The left’s “hamburger problem”


Go to lunch with a progressive and you may well be badgered about how your hamburger contributes to global warming.  Also that you are oppressing animals.  Also that your unhealthy eating is contributing to the nation’s health care problems.  Also that the burger joint isn’t paying its workers enough.

Now a Democrat is complaining that his party’s image is due to what he calls its “hamburger problem.”  That is, progressives tend to politicize EVERYTHING and to annoy ordinary people by judging their everyday choices about how they live their lives.

Kyle Smith, after the jump, discusses the syndrome.  He says that Republicans used to be the ones accused of interfering with people’s personal lives.  But now Democrats have become “the annoying party.”

From Kyle Smith, Josh Barro & Democrats’ ‘Hamburger Problem’: Liberal Judgment Guarantees Political Failure | National Review:

Progressives have a problem: They ladle unto every decision, even the most mundane and trifling one, an unattractive glop of gooey political significance. They can’t resist warning the rest of us that we’re abetting the destruction of the planet every time we, say, tuck into a Quarter Pounder.

Josh Barro is a recovering ex-Republican who is now a member of a niche political group: the non-crazy Democrats. He coined a cute phrase — “the hamburger problem” — to describe the relentless politicization of everything by progressives and Democrats. He writes, “Democrats’ problem isn’t that they’re on the wrong side of policy issues. It’s that they’re too ready to bother too many ordinary people about too many of their personal choices, all the way down to the hamburgers they eat.” He cites nonstop Democratic hectoring on, inter alia, the team name of the Washington Redskins, the way men sit on subway trains, and even some Americans’ choice not to abide by China’s one-child standard as the reasons why the party is today as electorally wobbly as Rocky Balboa in the 15th round. . . .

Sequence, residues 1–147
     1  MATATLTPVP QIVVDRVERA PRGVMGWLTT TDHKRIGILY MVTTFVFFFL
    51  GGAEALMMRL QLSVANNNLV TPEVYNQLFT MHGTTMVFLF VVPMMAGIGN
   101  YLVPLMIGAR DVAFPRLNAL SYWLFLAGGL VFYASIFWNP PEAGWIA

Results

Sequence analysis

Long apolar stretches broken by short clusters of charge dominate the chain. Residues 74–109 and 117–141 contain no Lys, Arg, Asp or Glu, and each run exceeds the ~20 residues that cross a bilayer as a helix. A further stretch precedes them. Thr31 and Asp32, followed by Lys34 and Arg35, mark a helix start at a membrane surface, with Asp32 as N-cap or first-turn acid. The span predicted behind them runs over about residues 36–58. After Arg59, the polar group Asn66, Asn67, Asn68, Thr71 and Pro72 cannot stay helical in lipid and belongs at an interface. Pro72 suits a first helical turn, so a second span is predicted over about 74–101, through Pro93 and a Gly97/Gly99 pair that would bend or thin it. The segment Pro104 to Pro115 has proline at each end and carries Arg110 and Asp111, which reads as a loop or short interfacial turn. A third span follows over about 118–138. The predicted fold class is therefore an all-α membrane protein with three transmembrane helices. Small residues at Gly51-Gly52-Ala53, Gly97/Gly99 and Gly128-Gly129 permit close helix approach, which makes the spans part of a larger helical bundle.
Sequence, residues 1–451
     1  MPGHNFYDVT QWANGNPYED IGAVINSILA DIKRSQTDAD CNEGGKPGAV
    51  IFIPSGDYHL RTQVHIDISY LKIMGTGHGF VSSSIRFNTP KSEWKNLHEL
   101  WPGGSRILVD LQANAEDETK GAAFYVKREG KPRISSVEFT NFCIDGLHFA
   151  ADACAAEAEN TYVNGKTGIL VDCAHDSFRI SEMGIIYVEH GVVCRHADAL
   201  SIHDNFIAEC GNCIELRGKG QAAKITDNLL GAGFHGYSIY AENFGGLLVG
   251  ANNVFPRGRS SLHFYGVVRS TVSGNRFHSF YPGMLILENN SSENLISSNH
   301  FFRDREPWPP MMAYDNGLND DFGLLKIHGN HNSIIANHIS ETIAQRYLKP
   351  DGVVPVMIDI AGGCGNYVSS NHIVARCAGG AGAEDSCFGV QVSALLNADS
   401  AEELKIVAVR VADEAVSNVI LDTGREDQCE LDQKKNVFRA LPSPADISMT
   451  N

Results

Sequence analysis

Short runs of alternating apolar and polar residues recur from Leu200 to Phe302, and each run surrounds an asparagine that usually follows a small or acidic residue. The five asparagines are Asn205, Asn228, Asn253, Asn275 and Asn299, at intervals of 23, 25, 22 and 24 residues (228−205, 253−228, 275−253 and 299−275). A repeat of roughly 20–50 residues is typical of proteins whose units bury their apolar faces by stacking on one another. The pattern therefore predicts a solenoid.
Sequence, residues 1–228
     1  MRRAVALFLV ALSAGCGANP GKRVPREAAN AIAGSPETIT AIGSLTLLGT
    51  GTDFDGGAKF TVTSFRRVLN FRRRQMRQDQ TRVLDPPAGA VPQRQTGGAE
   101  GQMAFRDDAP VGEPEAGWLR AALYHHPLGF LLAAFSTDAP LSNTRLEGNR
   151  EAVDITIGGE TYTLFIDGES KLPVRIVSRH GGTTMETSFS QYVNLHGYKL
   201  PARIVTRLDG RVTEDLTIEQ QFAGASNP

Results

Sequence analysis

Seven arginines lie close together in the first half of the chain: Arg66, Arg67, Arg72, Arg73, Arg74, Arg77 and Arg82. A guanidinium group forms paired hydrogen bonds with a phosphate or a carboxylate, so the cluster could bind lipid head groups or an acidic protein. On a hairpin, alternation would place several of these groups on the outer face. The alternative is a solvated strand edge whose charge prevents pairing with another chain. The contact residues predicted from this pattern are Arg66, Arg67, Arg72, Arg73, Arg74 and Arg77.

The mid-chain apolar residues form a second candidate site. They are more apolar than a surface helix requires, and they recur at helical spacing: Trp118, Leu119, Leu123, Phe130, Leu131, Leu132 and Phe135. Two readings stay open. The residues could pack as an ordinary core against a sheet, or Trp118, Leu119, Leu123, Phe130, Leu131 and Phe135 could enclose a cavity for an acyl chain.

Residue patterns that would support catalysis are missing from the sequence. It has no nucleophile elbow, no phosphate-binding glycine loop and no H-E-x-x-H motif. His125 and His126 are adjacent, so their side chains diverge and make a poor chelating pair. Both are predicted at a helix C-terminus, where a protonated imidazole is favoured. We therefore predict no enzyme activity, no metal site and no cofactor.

It wasn’t that long ago — say, the early 1990s —when Republicans were perceived as intruding into people’s private lives by talking about family values, saying no to drugs, and framing issues in moral terms. Today there can be little doubt that the broad American wish to be left alone is more strongly identified with the GOP, and that the Democratic party is providing a lavishly welcoming political home for the busybodies. 

[Keep reading. . .]

Illustration by Honza Groh (Vlastní fotografie/ Own work) [GFDL ( or CC BY 3.0 (], via Wikimedia Commons

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